Tuesday, July 26, 2011

Review: The Magnolia League by Katie Crouch

The Magnolia League
by Katie Crouch
May 3, 2011
Borrowed from Library
Grade: D

Synopsis (from publisher): After the death of her free-spirited mother, sixteen-year-old Alex Lee must leave her home in northern California to live with her wealthy grandmother in Savannah, Georgia. By birth, Alex is a rightful, if unwilling, member of the Magnolia League, Savannah's long-standing debutante society. She quickly discovers that the Magnolias have made a pact with a legendary hoodoo family, the Buzzards. The Magnolias enjoy youth, beauty and power. But at what price?

As in her popular adult novels, Crouch's poignant and humorous voice shines in this seductively atmospheric story about girls growing up in a magical Southern city.

Review: I should have loved this book. There’s a Southern Gothic mood, a secret society, magical history, high school hijinx - so many books I’ve loved have fallen under one or more of those categories, but I was especially excited about a new ‘Southern Gothic’ type book. Beautiful Creatures, Splendor Falls, and even (the first few) Sookie Stackhouse books have caught my attention, and as someone who grew up visiting family in the bayous in Mississippi, I have a soft spot for run down plantation houses, voodoo magic, and Spanish moss hanging heavily from the trees.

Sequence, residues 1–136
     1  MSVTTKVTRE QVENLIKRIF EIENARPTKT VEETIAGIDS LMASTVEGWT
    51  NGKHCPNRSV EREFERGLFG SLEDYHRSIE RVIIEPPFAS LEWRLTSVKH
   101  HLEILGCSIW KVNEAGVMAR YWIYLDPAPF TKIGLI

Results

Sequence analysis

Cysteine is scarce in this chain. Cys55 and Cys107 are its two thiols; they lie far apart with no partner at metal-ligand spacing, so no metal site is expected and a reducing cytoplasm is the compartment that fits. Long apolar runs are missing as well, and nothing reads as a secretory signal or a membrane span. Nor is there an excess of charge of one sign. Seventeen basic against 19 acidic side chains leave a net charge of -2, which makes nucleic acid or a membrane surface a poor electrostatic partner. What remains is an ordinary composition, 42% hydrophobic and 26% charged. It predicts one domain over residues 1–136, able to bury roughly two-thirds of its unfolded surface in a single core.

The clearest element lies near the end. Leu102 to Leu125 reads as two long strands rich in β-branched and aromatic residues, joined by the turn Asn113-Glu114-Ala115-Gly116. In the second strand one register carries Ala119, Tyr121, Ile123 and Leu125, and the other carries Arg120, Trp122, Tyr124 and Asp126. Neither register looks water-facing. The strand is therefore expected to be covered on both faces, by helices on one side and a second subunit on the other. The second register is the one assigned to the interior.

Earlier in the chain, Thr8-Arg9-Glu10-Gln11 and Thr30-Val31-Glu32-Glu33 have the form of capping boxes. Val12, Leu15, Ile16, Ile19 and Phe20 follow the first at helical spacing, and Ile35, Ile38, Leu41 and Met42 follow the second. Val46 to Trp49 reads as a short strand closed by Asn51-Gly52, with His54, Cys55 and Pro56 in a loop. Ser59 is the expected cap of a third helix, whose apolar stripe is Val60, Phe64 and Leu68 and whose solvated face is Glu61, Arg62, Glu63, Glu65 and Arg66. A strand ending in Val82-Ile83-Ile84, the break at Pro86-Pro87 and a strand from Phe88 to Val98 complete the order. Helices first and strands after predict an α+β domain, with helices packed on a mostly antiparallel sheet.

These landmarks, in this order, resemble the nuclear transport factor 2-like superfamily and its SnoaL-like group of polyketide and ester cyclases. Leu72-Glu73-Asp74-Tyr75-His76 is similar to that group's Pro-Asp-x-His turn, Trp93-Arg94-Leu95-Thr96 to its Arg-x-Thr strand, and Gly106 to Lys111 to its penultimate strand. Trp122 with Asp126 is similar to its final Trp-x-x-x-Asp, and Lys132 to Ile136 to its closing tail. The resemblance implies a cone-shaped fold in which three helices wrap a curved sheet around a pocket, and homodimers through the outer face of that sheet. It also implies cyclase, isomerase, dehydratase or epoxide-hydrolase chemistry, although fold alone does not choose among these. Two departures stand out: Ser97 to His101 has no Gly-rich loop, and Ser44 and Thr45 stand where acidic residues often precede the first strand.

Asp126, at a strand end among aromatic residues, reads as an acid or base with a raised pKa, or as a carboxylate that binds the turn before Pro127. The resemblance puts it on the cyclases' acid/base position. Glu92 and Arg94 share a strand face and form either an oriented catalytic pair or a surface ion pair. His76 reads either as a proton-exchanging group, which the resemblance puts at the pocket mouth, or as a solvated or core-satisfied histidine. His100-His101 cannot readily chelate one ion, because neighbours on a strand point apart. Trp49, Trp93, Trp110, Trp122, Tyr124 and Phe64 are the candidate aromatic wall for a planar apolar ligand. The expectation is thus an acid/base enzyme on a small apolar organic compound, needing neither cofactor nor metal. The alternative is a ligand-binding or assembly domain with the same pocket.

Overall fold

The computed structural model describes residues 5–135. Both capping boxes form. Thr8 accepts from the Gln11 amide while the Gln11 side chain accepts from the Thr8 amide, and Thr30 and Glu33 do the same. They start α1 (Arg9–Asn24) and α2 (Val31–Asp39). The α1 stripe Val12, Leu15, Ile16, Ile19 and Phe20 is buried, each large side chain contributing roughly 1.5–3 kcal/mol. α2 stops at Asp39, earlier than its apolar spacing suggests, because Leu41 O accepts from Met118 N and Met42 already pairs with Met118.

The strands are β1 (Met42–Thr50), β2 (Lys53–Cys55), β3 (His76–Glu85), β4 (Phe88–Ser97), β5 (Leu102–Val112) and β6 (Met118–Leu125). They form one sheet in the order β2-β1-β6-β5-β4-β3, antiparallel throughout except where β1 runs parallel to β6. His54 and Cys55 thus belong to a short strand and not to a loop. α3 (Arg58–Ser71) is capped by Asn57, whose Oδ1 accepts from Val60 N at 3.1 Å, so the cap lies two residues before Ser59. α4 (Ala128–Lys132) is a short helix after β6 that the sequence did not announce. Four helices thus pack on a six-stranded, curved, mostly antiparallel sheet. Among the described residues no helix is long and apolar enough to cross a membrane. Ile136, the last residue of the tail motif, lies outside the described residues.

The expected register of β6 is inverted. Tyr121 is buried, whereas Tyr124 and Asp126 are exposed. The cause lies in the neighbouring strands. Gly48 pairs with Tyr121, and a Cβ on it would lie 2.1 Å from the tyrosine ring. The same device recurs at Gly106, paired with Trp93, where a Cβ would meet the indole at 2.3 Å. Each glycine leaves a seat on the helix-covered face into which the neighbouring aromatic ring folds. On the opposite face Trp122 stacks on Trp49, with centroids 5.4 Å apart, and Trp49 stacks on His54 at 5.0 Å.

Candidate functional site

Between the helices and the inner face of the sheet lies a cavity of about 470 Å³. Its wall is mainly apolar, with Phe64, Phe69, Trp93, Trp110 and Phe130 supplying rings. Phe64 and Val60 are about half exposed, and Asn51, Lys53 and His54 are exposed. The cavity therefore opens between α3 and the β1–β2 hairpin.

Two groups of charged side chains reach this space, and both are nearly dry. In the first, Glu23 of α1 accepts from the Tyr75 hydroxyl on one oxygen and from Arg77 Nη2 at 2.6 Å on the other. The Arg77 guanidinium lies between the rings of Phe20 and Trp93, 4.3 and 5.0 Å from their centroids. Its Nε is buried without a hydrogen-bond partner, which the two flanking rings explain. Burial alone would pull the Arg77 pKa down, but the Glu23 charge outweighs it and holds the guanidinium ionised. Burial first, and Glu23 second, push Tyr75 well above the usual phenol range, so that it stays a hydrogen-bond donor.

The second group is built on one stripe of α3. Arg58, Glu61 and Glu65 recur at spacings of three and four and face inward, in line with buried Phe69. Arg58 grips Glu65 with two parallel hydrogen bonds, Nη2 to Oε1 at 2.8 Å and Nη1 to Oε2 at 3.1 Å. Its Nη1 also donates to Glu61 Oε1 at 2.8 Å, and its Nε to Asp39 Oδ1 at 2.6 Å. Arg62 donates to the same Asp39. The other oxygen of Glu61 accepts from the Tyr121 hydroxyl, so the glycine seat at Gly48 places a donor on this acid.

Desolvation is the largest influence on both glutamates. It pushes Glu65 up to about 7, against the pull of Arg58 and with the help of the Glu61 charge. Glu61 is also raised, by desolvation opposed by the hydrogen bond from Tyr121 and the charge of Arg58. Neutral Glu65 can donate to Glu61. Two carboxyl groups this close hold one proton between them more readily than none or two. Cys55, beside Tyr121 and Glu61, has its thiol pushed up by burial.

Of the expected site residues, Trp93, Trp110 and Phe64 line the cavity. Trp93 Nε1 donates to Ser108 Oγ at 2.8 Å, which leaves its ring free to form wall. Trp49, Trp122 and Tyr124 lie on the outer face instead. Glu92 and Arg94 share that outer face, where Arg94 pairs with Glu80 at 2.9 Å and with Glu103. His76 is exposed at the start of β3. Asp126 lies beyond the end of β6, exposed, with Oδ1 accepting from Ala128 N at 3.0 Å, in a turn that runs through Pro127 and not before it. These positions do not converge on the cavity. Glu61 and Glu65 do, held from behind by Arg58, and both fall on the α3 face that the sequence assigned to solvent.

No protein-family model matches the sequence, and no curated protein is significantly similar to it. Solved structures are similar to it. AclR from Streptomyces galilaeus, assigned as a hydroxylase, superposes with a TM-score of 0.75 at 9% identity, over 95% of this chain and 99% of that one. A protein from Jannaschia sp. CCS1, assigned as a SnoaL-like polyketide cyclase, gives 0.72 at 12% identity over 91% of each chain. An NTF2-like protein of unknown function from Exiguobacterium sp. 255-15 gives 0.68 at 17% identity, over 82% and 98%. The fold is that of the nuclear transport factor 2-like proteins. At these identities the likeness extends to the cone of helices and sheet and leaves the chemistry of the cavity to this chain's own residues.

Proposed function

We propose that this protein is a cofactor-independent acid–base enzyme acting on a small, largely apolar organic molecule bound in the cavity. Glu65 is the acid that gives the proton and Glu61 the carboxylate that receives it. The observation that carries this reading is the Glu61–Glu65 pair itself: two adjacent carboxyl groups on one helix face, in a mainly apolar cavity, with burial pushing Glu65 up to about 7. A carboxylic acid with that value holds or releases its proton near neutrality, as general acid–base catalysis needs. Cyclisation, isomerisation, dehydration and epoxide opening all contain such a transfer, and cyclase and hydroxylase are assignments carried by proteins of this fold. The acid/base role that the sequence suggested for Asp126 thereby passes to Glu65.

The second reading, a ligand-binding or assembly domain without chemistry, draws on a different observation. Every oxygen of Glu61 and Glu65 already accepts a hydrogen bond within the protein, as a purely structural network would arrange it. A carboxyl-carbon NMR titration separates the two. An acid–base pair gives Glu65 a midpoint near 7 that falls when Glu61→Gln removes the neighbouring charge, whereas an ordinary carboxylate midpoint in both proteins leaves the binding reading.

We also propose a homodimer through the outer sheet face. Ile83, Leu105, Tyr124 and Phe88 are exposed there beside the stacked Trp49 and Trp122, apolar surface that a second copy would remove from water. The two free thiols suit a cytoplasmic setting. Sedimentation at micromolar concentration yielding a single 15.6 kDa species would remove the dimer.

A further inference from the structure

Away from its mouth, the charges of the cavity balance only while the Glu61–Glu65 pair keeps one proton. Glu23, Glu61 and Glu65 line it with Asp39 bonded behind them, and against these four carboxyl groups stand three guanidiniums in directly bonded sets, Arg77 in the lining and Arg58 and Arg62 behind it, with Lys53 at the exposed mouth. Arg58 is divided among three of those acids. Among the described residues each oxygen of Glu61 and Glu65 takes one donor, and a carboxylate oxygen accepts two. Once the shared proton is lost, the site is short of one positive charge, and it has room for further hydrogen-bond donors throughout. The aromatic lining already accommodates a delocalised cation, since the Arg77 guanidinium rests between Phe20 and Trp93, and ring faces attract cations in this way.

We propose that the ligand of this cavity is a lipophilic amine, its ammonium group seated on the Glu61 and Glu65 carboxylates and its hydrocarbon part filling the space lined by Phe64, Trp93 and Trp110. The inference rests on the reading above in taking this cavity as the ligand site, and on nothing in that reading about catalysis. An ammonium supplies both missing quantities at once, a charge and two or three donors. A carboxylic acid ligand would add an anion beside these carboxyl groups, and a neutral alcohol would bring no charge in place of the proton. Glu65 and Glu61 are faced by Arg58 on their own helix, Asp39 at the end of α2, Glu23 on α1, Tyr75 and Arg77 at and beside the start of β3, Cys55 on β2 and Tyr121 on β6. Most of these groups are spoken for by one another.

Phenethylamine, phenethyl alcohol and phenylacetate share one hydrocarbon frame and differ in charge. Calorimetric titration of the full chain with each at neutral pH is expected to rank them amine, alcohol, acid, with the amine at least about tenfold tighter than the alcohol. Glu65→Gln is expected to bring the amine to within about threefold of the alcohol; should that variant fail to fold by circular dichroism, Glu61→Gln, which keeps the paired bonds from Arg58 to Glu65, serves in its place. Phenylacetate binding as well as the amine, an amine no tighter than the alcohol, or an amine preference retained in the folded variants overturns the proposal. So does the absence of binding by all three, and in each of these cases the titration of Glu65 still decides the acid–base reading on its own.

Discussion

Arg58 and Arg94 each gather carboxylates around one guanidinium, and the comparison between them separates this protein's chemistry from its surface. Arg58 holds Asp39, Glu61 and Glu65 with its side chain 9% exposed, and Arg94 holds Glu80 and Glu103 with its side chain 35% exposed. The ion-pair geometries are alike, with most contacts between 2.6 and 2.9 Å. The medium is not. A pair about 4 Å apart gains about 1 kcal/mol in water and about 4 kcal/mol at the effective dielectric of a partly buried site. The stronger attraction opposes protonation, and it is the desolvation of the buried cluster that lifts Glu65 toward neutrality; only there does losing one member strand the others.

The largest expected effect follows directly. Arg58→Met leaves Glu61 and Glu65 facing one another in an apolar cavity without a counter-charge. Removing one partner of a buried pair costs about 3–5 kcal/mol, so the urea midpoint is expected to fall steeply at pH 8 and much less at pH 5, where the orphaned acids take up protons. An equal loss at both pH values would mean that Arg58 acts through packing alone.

So The Magnolia League had potential, and I was excited enough to almost buy a copy several times before finding it at the library. I’m really glad I didn’t. Nothing in the book lived up to my expectations. The plot is nearly nonsensical with the characters acting wildly out of their sketchily drawn characters to somehow force the plot along. I understand that a good part of the first book in a series is setting up the world and background for the action to come, but setting up the world doesn’t forgive plot holes and cardboard characters.

The main character, Alex Lee, - who has a far too stereotypical teenage voice - could have been so very interesting. Forced back into the gilded society her mother had run away from as a teenager, expected to fulfill her family’s expectations and make her debut, oh, and learn about the hoodoo her grandmother and their friends have been using for years to stay young - how could this possibly not be rich grounds for fun and challenging character development and richly drawn scenes?

Apparently for this book, it is not. I’m nearly impossible to keep away from sequels, but I very much doubt I’ll be picking up White Glove War when it appears. Disappointing. Very, very disappointing.

** I've sat on this review for a few days because I worry that it's unnecessarily harsh, but I don't think it is. I do think that my disappointment has made me more upset about the fact the book wasn't great than I normally would be so I post the review with that bit of information attached.

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